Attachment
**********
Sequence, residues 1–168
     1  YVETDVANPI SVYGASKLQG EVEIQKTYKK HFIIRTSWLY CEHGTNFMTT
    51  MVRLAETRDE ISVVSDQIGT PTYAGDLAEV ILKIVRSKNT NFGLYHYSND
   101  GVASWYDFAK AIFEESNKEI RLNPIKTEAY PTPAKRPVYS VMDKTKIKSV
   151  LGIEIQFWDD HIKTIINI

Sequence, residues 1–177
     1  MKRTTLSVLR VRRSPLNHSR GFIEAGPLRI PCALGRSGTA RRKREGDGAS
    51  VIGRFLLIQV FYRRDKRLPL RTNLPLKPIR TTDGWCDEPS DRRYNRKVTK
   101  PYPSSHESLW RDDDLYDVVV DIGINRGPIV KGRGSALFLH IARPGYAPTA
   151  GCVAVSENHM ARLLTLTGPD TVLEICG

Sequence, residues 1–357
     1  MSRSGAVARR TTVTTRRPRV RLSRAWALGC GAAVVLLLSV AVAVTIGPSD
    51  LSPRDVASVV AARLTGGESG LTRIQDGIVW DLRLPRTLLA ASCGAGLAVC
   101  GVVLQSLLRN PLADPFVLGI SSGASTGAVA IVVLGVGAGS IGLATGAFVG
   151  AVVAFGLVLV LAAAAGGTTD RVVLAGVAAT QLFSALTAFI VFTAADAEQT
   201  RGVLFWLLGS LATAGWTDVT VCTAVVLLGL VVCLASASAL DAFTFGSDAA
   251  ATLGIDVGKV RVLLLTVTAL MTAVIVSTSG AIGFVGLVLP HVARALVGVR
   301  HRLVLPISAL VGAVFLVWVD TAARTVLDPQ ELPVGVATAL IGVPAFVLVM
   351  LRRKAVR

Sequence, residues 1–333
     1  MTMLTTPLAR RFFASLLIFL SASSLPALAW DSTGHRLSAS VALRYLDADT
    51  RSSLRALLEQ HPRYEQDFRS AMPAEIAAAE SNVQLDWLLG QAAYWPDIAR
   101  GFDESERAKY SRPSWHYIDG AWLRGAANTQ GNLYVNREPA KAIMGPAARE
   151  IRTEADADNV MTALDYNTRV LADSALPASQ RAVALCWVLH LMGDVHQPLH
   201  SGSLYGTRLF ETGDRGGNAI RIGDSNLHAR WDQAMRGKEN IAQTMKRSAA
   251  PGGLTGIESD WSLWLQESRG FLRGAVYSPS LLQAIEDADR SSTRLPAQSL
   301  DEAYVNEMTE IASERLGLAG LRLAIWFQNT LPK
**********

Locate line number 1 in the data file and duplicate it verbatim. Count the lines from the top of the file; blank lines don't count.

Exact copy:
Sequence, residues 1–168